MIAC cites Wikipedia as source
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MIAC cites Wikipedia as source

Date: April 7, 2009
By: Max Reiss
State Capitol Bureau

Intro: In reports obtained from a Sunshine law request, MIAC cites a publicly edited online database as a source.

Max Reiss (REECE) has more from Jefferson City. 

RunTime:0:41
OutCue: SOC

Many students are forbidden from using Wikipedia as a source when they write research papers.

Those rules do not apply to the state run Missouri Information Analysis Center.

In a report obtained from the Missouri State Highway Patrol, MIAC details how the Nation of Islam has a history of resisting law enforcement and cites a Wikipedia article as the source of the information.

Those claims came out of a September 2007 report on black separatism.

Since 2007, the agency has issued 16 reports ranging from alerts on anarchists to details on white supremacists.

The patrol withheld four classified reports relating to law enforcement tactics.

Reporting from the state Capitol, I'm Max Reiss, Newsradio 1120 KMOX.


Intro: A day after the Missouri Information Analysis Center got a new director, the state funded agency's reports dating back almost two years have questionable sources.

Max Reiss (REECE) has more from Jefferson City.

RunTime:0:43
OutCue: SOC

MIAC reports list no authors and in some cases don't list any sources.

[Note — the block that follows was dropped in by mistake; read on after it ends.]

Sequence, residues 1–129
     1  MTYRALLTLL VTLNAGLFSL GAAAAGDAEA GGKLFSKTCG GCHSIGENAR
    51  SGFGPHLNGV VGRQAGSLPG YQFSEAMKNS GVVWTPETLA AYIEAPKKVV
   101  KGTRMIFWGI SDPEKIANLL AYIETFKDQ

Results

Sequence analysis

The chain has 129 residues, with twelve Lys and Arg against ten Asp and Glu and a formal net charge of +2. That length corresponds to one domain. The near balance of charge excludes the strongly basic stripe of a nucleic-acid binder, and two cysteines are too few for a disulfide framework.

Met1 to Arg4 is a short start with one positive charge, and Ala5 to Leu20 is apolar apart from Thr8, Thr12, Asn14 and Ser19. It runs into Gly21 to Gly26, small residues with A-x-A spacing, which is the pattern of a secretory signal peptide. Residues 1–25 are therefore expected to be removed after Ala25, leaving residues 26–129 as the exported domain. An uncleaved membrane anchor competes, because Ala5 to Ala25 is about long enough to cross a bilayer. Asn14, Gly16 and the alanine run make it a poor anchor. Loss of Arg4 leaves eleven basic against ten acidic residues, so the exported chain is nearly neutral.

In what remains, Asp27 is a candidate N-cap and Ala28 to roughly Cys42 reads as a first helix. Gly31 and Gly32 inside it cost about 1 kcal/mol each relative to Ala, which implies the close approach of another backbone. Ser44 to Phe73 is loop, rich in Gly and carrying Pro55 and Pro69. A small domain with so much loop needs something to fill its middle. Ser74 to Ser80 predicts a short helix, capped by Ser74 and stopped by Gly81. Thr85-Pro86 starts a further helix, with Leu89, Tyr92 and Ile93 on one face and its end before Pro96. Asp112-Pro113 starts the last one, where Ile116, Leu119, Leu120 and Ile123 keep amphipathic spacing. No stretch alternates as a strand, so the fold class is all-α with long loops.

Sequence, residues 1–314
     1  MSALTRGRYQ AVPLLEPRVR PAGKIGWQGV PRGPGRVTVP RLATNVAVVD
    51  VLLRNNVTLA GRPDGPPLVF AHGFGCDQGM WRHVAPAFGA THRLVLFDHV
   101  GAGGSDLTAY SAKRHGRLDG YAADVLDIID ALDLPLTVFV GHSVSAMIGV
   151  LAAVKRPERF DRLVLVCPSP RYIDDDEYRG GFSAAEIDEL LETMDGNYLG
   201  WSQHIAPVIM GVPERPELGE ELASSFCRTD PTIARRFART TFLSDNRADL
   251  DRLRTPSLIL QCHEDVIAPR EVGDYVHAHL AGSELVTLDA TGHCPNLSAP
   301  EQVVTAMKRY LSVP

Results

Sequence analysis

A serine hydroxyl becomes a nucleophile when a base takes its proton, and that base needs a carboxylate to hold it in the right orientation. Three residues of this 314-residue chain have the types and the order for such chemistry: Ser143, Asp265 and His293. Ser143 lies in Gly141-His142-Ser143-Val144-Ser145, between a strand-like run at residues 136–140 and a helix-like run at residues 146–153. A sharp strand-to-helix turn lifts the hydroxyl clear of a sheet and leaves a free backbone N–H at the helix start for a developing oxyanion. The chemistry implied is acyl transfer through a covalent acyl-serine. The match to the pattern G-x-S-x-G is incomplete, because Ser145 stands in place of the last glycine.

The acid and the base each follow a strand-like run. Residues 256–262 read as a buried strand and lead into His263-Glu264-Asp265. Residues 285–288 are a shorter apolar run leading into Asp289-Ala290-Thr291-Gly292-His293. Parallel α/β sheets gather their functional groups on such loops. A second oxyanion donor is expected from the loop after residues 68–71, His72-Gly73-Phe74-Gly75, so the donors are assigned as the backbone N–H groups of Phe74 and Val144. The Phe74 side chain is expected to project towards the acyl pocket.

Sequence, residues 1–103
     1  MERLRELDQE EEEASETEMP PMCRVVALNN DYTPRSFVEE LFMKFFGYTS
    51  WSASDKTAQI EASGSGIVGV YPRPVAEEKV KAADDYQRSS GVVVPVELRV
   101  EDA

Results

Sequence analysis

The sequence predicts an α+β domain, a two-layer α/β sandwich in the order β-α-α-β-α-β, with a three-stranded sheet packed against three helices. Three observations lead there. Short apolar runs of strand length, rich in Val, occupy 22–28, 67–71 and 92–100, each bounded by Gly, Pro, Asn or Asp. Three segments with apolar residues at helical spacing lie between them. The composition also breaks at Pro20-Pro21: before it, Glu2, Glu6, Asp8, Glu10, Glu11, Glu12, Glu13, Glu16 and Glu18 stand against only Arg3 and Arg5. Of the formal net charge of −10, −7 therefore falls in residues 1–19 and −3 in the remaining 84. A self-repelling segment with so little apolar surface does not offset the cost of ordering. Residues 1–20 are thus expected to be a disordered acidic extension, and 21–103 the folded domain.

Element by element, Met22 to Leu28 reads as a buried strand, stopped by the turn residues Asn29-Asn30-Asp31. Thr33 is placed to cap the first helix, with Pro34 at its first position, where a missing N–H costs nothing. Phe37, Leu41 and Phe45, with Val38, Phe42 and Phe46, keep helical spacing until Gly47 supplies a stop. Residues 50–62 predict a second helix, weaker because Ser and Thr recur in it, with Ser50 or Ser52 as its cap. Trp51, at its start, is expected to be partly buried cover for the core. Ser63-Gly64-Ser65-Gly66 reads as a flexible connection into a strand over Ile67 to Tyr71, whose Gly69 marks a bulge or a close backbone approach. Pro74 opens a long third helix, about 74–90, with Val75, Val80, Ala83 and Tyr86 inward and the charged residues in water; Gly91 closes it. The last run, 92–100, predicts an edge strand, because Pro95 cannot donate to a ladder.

But at least one of the reports collected from the Missouri State Highway Patrol, cites Wikipedia as one of the report's references.

That's right, Wikipedia.

The online encyclopedia which allows anyone surfing the web to edit articles or add new ones to the database.

In a report on Black Separatism, the Missouri Information Analysis Center cited Wikipedia in a section about the Nation of Islam as well in the report's introduction.

The Highway Patrol released twelve of the sixteen total MIAC reports.

The four withheld contain tactical information, which, according to the patrol are not for public eyes.

Reporting from the state Capitol, I'm Max Reiss. Newsradio 1120 KMOX.


Intro: In the twelve reports for public eyes from the Missouri Information Analysis Center, it addresses groups ranging from white supremacists to the Black Panthers.

Max Reiss (REECE) has more from the State Capitol.

RunTime:0:41
OutCue: SOC

MIAC's reports date back to 2007 when it started issuing bulletins, reports, and alerts on public safety topics.

The agency covered the modern militia, anarchist, and national socialist movements, as well as paganism to name a few.

Authors are not listed on any of the twelve reports.

Nearly half of them have no record of where MIAC obtained its information.

One six page report has only one reference, and another contains citations from Wikipedia dot org, a website which allows anyone on the web to add or edit entries.

All but three of the reports contain final sections advising law enforcement on how to handle the groups .

Reporting from the state Capitol, I'm Max Reiss. Newsradio 1120 KMOX.


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